You have too much content to create, too many communications channels to manage and too little time for any of it, right?
The urgent overtakes the important. Priorities get lost in the chaos. You can’t get everyone on the same page.
You are not alone.
This is very common in nonprofits. But that doesn’t mean it’s hopeless!
In fact, the nonprofits that say their communications are “very or extremely effective” have something in common over those who aren’t as effective.
They manage their communications with an editorial calendar. They also use other editorial best practices like having regular editorial meetings with staff and strategically planning out how they will repurpose content.
The 2018 Nonprofit Communications Trends Report found that generally speaking, only about half of nonprofits are using editorial calendars and editorial meetings. About two-thirds are using content repurposing.
But when we look at the most effective nonprofits, those numbers change quite a bit.
About two-thirds of the most effective nonprofits are using these editorial best practices, while only one-third of less effective nonprofits are.
Effective communicators are also twice as likely to invest significant time into editorial planning as ineffective ones.
Why are editorial calendars so powerful?
Here’s a visual metaphor for you: Editorial calendars are like magical cat herding lassos!
Communications directors are herding cats all day long. Your co-workers are cats. Your management team are cats. Politicians are cats. The Facebook algorithm is a cat. Everything and everyone you work with in communications is changing all the time. The tools of your trade and the people around you are cats that have minds of their own and want you to work on their terms.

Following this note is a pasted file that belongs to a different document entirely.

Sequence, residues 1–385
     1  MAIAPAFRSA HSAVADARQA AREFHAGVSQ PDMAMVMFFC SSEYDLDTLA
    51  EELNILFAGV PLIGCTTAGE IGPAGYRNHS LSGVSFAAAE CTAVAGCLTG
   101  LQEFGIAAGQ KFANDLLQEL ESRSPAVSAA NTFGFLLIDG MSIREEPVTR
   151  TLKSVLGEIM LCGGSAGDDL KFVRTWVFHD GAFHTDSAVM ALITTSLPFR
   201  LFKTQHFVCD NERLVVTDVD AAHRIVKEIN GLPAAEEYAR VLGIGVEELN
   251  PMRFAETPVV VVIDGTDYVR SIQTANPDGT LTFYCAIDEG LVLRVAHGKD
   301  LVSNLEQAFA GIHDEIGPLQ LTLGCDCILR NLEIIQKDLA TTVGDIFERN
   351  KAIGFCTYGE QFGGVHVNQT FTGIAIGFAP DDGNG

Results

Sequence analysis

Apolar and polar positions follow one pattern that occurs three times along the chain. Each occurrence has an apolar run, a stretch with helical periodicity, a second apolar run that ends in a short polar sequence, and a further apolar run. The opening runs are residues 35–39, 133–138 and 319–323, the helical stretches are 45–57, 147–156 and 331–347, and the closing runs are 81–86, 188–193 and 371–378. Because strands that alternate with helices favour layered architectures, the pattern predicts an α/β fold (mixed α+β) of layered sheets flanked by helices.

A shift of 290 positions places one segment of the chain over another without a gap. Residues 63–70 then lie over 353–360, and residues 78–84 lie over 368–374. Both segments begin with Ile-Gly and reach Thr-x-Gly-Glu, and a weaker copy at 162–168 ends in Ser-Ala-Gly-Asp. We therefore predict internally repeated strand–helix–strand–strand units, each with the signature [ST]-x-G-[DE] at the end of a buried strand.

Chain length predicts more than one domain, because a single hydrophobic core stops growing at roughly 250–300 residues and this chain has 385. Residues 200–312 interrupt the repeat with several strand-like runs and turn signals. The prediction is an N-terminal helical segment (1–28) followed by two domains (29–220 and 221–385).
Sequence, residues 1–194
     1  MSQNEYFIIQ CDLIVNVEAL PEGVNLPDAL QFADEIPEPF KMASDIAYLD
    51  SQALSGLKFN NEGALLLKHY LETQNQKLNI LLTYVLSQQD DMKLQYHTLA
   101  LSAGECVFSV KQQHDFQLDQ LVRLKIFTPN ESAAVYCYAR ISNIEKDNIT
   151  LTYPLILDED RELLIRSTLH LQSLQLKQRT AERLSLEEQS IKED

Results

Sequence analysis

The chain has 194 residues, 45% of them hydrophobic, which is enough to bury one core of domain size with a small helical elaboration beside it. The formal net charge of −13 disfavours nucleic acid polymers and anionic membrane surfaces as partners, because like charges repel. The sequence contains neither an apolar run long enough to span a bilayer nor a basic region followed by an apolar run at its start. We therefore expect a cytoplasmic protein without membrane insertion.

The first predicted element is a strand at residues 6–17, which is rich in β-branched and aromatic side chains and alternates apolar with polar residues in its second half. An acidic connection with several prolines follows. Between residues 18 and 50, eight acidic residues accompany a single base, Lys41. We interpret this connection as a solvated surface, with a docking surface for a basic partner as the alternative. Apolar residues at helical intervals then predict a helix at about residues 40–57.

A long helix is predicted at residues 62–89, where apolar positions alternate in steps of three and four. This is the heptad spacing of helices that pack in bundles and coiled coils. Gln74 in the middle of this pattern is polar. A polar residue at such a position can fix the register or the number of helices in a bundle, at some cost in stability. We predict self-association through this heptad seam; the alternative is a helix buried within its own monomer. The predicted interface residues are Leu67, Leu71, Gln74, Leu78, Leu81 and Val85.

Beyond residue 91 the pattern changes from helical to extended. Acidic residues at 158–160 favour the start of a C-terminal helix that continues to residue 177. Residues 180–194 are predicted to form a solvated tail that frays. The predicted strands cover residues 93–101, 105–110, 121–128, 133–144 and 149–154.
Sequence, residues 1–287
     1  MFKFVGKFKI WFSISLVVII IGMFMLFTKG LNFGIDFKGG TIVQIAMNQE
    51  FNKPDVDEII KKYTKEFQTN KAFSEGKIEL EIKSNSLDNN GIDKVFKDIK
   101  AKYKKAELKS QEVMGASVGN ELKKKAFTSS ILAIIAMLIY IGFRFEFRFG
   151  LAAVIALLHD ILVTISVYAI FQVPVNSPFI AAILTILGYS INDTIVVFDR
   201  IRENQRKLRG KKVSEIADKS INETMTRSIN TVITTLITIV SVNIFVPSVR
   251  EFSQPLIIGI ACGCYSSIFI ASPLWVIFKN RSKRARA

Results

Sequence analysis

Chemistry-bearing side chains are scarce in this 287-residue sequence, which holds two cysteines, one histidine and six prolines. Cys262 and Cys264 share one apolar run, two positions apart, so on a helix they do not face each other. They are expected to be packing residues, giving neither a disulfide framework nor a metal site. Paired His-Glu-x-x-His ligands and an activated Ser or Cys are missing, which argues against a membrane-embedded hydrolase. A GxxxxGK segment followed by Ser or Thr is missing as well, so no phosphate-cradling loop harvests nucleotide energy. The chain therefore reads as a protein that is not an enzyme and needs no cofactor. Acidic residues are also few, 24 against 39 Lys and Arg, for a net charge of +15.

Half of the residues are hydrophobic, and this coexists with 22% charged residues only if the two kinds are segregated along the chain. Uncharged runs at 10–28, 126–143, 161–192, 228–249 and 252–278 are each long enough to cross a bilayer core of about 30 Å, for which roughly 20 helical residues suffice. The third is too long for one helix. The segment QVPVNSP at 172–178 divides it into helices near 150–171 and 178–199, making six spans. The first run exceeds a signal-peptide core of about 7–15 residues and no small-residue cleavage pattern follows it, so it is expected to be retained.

If you give into that, you’ll be chasing cats all day, and that’s no fun. Nor is it very effective. Lasso those kitties! You can’t expect them to take orders from you, but you can corral them and provide some limits and structure.
An editorial calendar helps others understand the pace and volume of your nonprofit’s communications. As a communications team, you only have the capacity to produce so much good content.
There’s also a “Goldilocks” zone on the frequency of your communications – too little doesn’t get your messages across and too much overwhelms your supporters. Your editorial calendar is where you document that “just right” pace and volume of content. It’s that structure that allows all the cats to settle down and cooperate.
Even if you alone use an editorial calendar, that’s a great step forward. Show it to your co-workers during meetings and as they come to understand its value to you, they’ll understand the value to your nonprofit too.
Kivi Leroux Miller is the founder and CEO of Nonprofit Marketing Guide, which helps nonprofit communications directors learn their jobs and love their jobs. Learn more about nonprofit editorial calendars here.